“Big data” is a term that first appeared in the late 1990s and began to pick up steam in the early 2000s – long before growing numbers of mobile devices and Internet-connected objects caused the current spike in data volume. Of course, attempts to quantify the growth rate of data date back at least to the 1960s when it was called the “information explosion.” Those folks could not have imagined how big the explosion would be!

Today, big data includes the vast amount of structured and unstructured data that are constantly produced and stored in a business IT environment. While big data was originally thought to be a problem from a storage standpoint, the conversation has changed to focus on the potential value of big data. This value lies in the business insights that can be gained through historical and real-time analysis of big data.

Data analytics refers to the qualitative and quantitative techniques used to examine large data sets for the purpose of identifying patterns and drawing conclusions. These insights are then used to inform decision-making about business strategies, operations, product development and the customer experience. For example:

  • Retailers analyze shopper behavior and purchasing patterns to improve in-store merchandising and promotions and maintain optimal inventory levels.
  • Healthcare institutions analyze data from medical devices to monitor patient conditions and identify warning signs of health issues.
  • Manufacturers use data analytics to schedule proactive equipment maintenance, optimize operations and reduce the risk of injury.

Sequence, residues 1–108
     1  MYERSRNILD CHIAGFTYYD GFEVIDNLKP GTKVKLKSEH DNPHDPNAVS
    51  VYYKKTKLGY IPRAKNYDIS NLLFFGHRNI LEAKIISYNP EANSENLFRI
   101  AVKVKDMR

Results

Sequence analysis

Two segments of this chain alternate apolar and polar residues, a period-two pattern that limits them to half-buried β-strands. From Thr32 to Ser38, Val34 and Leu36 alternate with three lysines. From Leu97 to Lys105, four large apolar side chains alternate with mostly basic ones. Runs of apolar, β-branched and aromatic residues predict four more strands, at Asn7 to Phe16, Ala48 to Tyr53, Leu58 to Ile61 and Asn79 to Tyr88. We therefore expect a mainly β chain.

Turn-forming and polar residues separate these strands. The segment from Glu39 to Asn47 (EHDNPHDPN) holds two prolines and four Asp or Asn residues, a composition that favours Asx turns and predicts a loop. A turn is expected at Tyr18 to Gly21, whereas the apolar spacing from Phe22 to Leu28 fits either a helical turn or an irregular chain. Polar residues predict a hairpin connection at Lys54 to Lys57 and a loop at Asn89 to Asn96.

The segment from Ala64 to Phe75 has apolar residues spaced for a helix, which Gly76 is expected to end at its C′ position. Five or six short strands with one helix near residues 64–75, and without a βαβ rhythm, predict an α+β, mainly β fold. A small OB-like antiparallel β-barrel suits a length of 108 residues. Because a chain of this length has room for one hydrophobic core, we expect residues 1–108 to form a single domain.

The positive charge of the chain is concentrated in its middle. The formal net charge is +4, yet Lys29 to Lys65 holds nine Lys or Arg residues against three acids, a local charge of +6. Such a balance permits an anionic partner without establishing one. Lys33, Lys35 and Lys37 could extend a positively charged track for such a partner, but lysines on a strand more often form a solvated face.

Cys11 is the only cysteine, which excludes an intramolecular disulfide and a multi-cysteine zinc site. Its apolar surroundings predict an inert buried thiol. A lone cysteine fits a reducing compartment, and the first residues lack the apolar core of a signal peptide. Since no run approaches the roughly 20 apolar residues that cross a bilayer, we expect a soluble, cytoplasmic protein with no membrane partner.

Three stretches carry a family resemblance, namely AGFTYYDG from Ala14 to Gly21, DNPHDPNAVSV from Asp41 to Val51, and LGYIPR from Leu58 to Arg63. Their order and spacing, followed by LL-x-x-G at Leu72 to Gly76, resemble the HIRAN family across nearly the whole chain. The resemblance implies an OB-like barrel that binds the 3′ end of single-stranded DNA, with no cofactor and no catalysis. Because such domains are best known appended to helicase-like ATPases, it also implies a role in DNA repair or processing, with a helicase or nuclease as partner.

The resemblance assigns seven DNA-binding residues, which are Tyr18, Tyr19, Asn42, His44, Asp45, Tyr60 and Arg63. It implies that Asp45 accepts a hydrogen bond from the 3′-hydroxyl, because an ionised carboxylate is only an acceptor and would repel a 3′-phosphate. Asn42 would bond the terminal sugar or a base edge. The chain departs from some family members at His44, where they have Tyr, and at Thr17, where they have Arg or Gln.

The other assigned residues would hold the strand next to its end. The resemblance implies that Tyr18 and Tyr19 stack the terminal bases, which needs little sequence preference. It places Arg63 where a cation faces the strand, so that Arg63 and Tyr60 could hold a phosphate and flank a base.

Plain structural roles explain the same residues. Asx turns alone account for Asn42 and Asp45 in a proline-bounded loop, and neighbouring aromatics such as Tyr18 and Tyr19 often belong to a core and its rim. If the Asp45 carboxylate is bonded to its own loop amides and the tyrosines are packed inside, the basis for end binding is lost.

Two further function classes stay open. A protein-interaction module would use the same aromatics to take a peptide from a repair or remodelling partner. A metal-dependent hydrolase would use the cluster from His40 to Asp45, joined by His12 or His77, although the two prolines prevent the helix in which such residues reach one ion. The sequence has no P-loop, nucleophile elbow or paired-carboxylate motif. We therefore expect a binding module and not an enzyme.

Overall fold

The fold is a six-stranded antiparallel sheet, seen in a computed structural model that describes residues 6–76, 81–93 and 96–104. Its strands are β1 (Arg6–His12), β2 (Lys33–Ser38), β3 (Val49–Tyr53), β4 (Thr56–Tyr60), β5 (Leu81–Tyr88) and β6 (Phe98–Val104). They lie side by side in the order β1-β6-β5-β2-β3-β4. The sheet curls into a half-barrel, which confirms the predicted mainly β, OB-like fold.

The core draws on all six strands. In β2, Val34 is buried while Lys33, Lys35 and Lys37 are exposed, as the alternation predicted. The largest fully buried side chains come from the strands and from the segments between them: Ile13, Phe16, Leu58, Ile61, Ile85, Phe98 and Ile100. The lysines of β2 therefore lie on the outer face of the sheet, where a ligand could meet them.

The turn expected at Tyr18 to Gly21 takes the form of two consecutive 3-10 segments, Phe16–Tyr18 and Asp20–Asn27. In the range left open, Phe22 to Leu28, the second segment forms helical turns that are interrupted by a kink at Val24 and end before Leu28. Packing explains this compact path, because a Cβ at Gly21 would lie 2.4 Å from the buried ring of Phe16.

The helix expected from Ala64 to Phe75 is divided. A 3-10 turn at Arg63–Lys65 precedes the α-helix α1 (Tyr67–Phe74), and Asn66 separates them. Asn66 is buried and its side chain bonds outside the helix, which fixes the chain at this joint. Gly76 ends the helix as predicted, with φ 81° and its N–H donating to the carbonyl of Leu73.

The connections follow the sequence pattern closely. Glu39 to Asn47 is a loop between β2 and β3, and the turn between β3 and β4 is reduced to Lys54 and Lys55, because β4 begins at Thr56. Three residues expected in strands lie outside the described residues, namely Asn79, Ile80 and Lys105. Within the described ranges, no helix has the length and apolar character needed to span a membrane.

• Banks and financial services companies rely on data to prevent and detect fraud, assess risk, and improve contact center efficiency and outcomes.
  • Utilities use data gathered from smart meters to measure energy consumption levels and better understand how energy is being used.

Large enterprises in these and other industries have been using data analytics for years to identify and exploit new revenue streams and improve operational efficiency. Like many IT innovations, big data analytics solutions are now making their way to small and midsize businesses (SMBs). Not only have prices for these solutions continued to drop, but more smaller companies are becoming familiar with the uses cases. Also, SMBs tend to be more agile than large enterprises, making it easier to quickly act upon big data insights instead of having initiatives stalled due to red tape.

The key for SMBs when implementing a data analytics solution is to start small. Identify a specific problem, a desired outcome, and a strategy for using data analytics to solve the problem and achieve the optimal outcome. Keep in mind that you don’t have to install a complex network of sensors to use data analytics. There is plenty of data to analyze from desktop and mobile devices, business applications, internal and external communications, social media and other data sources. Once big data analytics has been successfully applied to a single use case and you’ve become comfortable using the tools, it becomes easier to expand to new use cases.

Data analytics is no longer reserved for enterprises. With the right approach, SMBs can overcome the complexity of big data and turn it from a storage problem into a strategic advantage.